I agree that this is not always the case, but the reason that devices can interoperate over the Internet is that those who develop the protocols have so far seen the advantage of doing it this way. Enlightened self-interest.
Where I work, we used to have a complicated scheme of Softswitch gateways, to allow our IP, SNA, IPX, and DECnet networks in the company to interoperate. It didn't work very well, because naturally, it was practically impossible to make all the features of each protocol translate correctly into an equivalent feature of another protocol.
So, the auto industry can take it upon itself to follow the example of the IETF, or actually participate and use the IETF to ensure interoperability.
Different units of measure are no problem. Software can easily convert between them. All you need there is to identify the measurement standard along with the measurement, when you write the message standard. Or alternatively, the message frames can be mandated to always use the same system, say the metric system, and then any local display of the information can translate to the user's preference. (My car already allows this, btw, for the instrument panel.)
Analog radio, old-style vinyl records, and even CDs, have always interoperated globally. It's not impossible to achieve this. If there's a will, that is.
I agree Bert this is posisble to accomplish...and km to miles conversion is so dumb simple that I am still amazed that multi-million dollar programs trip over this (including US rocket launch)...but car is a car, I want 100% probablity that it will drive, not 99% like my PC working or not 95% that WiFi will be working (I was visiting a major US University recently and my laptop would refuse to read emails despite having correct PHY connectivity, probalem was at the MAC or higher level of hierarchy)...and I don't want my car operation being dependent on talking to some other car...Kris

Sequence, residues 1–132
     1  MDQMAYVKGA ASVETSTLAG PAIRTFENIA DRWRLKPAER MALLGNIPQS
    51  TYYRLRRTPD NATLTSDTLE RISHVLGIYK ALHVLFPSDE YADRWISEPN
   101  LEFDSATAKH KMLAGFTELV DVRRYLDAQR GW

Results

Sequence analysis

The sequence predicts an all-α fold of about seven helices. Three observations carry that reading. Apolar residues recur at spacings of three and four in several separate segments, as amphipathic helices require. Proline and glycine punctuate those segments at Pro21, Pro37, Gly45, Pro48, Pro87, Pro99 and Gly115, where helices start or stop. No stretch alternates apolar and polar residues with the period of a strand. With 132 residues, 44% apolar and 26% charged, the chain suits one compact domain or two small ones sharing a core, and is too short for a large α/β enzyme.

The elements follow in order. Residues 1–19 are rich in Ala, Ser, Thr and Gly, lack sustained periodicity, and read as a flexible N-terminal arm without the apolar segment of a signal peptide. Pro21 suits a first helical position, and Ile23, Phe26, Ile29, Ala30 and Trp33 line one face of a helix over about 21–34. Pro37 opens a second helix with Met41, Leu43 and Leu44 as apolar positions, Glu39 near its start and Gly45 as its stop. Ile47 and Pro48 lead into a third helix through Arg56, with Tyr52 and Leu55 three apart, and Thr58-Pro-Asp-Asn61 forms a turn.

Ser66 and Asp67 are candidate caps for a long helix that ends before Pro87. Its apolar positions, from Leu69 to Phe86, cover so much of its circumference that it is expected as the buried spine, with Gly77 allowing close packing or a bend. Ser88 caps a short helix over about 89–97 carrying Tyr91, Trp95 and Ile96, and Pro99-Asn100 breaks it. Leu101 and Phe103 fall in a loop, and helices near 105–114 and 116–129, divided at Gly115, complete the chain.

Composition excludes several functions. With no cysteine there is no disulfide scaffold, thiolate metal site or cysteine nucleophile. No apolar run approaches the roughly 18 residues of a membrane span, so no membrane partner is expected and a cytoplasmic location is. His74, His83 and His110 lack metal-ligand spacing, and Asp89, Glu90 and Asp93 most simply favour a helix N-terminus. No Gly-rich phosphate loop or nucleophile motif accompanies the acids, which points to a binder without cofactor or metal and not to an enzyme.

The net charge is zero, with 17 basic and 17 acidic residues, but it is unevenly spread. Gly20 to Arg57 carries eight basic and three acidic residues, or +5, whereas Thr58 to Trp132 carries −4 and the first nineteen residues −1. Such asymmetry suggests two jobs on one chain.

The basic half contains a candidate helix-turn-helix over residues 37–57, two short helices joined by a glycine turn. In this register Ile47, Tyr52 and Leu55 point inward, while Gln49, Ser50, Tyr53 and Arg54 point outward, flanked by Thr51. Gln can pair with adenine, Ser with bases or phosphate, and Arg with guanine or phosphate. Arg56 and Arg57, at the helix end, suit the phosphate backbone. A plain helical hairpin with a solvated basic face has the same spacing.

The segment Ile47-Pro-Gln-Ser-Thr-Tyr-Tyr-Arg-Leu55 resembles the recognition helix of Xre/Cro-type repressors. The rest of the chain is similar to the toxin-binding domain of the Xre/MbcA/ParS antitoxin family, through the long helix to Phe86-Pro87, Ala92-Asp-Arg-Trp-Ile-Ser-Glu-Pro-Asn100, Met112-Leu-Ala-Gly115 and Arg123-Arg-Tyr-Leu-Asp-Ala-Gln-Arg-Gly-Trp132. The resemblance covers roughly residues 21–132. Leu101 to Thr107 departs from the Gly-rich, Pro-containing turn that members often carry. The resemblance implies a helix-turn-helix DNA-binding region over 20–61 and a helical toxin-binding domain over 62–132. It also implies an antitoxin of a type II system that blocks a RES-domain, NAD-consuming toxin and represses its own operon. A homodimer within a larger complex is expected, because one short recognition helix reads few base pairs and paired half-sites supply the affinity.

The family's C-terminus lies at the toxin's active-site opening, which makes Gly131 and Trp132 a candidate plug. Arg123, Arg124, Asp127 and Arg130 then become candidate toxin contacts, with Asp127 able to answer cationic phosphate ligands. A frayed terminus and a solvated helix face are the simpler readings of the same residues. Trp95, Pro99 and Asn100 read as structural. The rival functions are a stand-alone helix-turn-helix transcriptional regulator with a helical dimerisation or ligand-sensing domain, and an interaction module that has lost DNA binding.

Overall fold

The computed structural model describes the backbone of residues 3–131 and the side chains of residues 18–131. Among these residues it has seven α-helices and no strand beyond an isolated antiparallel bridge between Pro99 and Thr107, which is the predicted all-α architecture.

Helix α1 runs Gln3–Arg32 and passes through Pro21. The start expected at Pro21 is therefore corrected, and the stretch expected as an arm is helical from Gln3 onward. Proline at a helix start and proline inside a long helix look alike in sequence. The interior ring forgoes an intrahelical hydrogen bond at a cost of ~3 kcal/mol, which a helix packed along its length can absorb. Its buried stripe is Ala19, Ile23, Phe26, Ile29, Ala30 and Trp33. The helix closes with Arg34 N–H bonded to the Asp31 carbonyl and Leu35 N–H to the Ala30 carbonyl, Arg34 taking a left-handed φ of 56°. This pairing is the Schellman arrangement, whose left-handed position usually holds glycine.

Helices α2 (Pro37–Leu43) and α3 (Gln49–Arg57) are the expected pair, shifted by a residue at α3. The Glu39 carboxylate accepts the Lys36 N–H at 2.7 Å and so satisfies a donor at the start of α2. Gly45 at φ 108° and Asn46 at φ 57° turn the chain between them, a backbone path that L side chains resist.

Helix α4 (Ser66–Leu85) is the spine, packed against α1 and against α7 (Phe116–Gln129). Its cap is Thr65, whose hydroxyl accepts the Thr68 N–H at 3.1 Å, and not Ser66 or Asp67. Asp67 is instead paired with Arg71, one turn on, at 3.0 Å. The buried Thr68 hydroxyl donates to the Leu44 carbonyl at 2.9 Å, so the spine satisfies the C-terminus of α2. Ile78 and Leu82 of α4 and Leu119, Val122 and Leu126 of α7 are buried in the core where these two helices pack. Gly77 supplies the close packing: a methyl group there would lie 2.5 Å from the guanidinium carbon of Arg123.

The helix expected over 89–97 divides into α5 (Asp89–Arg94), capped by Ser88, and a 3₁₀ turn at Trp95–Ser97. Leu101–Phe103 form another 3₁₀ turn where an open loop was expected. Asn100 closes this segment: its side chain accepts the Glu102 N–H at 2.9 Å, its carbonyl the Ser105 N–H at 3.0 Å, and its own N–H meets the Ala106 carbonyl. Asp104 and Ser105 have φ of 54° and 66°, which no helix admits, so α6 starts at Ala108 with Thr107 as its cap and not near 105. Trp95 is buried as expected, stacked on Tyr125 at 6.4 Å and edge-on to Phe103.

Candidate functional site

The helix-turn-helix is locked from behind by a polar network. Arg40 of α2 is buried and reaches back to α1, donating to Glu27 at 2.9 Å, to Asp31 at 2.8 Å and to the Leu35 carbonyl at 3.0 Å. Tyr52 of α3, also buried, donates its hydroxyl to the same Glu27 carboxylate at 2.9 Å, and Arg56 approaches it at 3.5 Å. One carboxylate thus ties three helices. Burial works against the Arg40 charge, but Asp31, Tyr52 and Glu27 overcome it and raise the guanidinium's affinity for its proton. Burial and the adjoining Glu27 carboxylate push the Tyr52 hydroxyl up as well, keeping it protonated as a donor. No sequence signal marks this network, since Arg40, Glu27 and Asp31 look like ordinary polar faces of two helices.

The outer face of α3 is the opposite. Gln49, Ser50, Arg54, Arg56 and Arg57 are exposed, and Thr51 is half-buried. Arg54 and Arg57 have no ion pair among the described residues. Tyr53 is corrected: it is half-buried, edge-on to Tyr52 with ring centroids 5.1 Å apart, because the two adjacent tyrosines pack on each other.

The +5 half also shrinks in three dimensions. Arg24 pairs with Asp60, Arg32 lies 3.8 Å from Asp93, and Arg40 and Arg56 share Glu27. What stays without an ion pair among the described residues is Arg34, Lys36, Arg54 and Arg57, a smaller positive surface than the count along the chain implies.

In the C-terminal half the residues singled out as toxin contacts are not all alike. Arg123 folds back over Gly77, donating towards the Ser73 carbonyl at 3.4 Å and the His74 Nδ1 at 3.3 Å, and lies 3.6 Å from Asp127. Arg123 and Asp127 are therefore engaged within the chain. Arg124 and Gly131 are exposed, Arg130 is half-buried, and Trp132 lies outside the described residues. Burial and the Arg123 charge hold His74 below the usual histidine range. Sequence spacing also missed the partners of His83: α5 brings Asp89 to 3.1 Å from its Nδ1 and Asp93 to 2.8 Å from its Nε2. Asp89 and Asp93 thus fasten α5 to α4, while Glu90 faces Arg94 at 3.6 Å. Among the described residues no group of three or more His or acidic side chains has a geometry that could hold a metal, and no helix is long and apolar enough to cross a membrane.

@BrainiacVI, exactly. The auto industry is famous for dragging its heels.
Aside from seat belts, there is also an issue with backup cameras. The idea was to equip all new cars with backup camera so that drivers can see what's behind their car. It was almost mandated last year, but it fell through. Here's a clip from Auotmotive News.
DOT proposed rules in 2010 that would have required backup cameras in all new cars and light trucks. Final rules were delayed multiple times after automakers and White House officials raised concerns over costs. Before leaving office this year, Transportation Secretary Ray LaHood set a new goal of completing the standards by 2015.
car to car talk is the futuristic feature and soon would become quite useful. The standards used and regulation is something to watch for. Also there are so many car manufacturer would this communication be independant of mfr. or each of them would have their proprietary.
As the article says, car-to-car will not assist with impaired drivers. One of the biggest causes of accidents where I live seems to still be impaired drivers. I wish there was some way to prevent a car from starting if a driver is under the influence or too tired. True, the passenger could "take the test" but I think it might hit many people with the truth that they are really *not* "OK to drive."
All they need to do is enforce impaired driving laws more rigorously, and take licences away from people who have demonstrated that they aren't responsible enough to be trusted with one. This would have the side-benefit of increasing demand for public transportation, which in turn improves its quality, so people don't need to drive as much. Plus, you get the health benefits of having a population which walks more (to get to and from public transit), saving national health care costs. This is IMO a big reason why Europeans are healthier than Americans.